But yes, it is not all wine and roses in Sweden either. While their current strategy seems to be calibrated in the much-coveted Goldilocks zone of “just right” as of early April (except of course for the fact that most Swedes don’t wear masks), in March they were even more lax and now they are paying the price for their previous laxness, especially for nursing homes. Had they been just a little bit stricter a little bit sooner, many many lives could have been saved. Fortunately, they now seem to be on the backside of the peak of the epidemic curve (which they did in fact “flatten” at least as much as the typical lockdown country did) are quickly approaching “herd immunity” if they are not already there. If there is a second wave in the near future, Sweden seems to be the least likely country to get it. And come to think of it, the same could be said about my neck of the woods in the greater NYC area as well.
Ultimately, this debate will become academic very soon, as every lockdown in the world is now far past the point of diminishing returns.
I forgot to also mention that while Sweden’s economy is suffering now, it looks like they will just get a really bad recession rather than a full-blown depression like so many other countries. Even so, their recession is largely due to their economy’s dependence on exports to other, locked-down countries (that’s a real downside of having a trade surplus), lack of tourism, for obvious reasons (despite open borders), and most Swedes voluntarily choosing not patronize bars and restaurants despite still being open. If I were a restauranteur or a publican (which I am not), I still would much rather lose 2/3 or my customers than lose all of them.
Other non-lockdown countries such as Taiwan, South Korea, Mexico, Japan (with a very belated “soft” lockdown) Iceland (the latter somewhat stricter than Sweden) and even the now infamously feckless Belarus of all places are still able to boast lower death rates than not only Sweden, but nearly all lockdown countries and the USA. Russia did a lockdown and now they are still getting slammed by the virus now, far worse than their former Soviet neighbor Belarus. Canada is strict but less strict than most of the USA, and still has lower death rates per capita. And Iceland is doing about as good as the crown jewel of lockdowns, New Zealand. As for Brazil, with regional and local lockdowns but a feckless Trumpian national leader, if it weren’t for their much warmer weather combined with unusually good luck, they would most likely now be faring the very worst of any country in the world, and far worse than the USA.
In the long run, virtually all countries will most likely end up in the same place regardless.
One interesting correlation I could find is that, lockdown or no lockdown, countries with a female president or prime minister seem to fare better than countries with a male president or prime minister on average. Same with governors of US states, at least once Michigan is removed from the equation. Perhaps there is something to what Buckminster Fuller calls the “feminine paradigm of leadership” after all.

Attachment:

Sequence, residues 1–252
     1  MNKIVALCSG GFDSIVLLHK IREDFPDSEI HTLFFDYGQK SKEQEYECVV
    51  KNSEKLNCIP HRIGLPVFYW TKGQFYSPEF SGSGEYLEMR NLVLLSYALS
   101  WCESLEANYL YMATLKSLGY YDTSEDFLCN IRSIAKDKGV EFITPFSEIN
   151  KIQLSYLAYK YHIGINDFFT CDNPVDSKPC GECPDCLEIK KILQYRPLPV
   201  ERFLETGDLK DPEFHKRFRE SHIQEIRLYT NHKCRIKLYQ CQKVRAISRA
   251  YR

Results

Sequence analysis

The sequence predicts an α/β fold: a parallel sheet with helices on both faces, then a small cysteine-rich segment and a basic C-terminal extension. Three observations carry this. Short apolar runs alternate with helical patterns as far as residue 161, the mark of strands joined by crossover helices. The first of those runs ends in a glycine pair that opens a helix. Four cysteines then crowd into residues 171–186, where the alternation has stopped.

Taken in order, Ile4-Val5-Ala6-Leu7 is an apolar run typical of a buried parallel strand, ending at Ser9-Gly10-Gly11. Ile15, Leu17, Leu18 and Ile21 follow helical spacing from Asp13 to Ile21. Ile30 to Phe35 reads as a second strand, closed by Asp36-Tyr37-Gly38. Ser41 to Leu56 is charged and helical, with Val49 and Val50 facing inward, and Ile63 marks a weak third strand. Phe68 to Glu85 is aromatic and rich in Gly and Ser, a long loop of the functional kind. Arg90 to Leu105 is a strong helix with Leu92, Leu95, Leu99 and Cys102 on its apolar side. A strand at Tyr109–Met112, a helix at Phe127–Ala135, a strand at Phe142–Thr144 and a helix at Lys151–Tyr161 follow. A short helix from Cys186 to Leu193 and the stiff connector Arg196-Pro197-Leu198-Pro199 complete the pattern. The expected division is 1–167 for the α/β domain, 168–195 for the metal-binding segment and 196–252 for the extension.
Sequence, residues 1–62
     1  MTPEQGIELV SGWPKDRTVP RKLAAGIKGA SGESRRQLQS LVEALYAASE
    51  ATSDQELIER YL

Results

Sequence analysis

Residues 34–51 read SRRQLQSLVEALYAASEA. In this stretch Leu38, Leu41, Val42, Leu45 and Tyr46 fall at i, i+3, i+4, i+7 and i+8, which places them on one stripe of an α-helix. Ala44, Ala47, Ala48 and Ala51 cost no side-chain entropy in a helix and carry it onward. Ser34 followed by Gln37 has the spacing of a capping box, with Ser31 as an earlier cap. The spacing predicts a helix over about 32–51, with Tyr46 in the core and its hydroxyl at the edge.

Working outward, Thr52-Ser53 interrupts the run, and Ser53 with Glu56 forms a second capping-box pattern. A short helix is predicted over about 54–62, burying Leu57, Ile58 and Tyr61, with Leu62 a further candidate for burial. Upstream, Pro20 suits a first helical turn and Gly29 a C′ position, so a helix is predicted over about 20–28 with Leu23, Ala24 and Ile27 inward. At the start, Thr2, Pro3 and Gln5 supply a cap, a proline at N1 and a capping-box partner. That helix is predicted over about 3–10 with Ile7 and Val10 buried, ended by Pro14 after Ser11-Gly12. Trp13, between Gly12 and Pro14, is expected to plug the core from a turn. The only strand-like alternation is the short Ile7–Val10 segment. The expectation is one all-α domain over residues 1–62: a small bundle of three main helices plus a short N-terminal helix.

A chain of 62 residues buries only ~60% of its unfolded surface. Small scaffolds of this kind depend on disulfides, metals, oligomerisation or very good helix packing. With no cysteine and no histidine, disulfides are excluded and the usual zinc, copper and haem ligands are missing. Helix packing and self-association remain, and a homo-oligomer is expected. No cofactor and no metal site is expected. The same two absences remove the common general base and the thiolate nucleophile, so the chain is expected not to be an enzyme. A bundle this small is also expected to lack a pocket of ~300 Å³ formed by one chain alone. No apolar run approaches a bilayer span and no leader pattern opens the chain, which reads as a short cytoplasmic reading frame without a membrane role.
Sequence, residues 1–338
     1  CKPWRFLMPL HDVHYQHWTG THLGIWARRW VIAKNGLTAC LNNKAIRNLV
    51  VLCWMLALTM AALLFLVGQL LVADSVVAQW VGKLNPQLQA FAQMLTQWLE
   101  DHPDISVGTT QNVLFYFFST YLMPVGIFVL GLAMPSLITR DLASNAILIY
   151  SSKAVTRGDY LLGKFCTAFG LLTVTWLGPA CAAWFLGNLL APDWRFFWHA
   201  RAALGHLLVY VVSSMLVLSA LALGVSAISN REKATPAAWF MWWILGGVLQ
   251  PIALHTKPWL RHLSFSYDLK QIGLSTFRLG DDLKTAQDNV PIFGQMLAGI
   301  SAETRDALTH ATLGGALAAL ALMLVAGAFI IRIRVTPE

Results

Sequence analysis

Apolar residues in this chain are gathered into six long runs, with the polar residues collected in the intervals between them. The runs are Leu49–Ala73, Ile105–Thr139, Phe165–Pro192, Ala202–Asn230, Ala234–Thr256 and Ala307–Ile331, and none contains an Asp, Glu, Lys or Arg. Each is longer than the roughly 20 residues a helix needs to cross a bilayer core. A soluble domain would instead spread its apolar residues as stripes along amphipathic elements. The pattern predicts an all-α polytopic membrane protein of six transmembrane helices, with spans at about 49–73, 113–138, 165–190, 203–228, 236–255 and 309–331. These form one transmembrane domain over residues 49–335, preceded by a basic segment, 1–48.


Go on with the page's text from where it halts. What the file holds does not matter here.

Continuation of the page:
Yes, the requirement of employment to receive money won’t work with increasing automation and corporate expatriation. Money must not be tied to employment. It must be untied and, like water, allowed to settle into its own level.
It could be that Covid19 will break the back of the Malthusian scarcity model of all economic systems across the spectrum. This could be MS’s moment to shine, though at great expense in lives.
I completely agree re the wearing of masks. Not only would universal mask usage stop the spread of symptomatic infection – i.e. by those already coughing & sneezing – it would also stop the spread of pre-symptomatic and asymptomatic infection. Some people believe up to 50% of all infections could be asymptomatic or pre-symptomatic – i.e. no one knows who’s a spreader and who isn’t.
Covid-19 is a stealth virus. That’s why it has spread so far, so fast. Yet because testing has been so minimal, projections and modelling have been incapable of accurately forecasting the virus’ impact. Garbage in, garbage out.
It’s next to impossible to protect yourself against something you cannot see. If everyone has to wear masks to stop them from infecting /others/, then it doesn’t matter whether you can see Covid-19 or not. It doesn’t matter whether you know how many asymptomatic spreaders there are. The masks stop them all.
Right. Even wearing cheap, cloth masks would do it.
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Yes, because the droplets would be caught, literally as they leave the person’s mouth/nose.
Exactly. That is the whole concept. Wearing a mask is the right thing to do, not just for yourself, but for everyone around you. Not wearing a mask is bad manners, in the worst possible way.
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Coronavirus Magical Thinking, US Style: Contact Tracing Versus Masks
Posted on May 11, 2020 by Yves Smith
Since the US is a federal system with an Administration that refused to take coronavirus seriously early enough, and now seems determined to validate its original decision by doubling down on it, it is a bit simplistic to speak of a “coronavirus response,” since cities and states have been taking the lead and they’ve gone down different paths.
Nevertheless, due to the decision by many governments, particularly in the South, to start relaxing restrictions, I’m coming across way too many rationalizations. And one of them is that officials can make things safe enough with approaches like contact tracing. Mind you, as you will see, the point is that contact tracing, or any information gathering, practiced on an insufficient scale and without programs to take disease containment steps using that data, is at best misguided, and at worst, intended to build false confidence.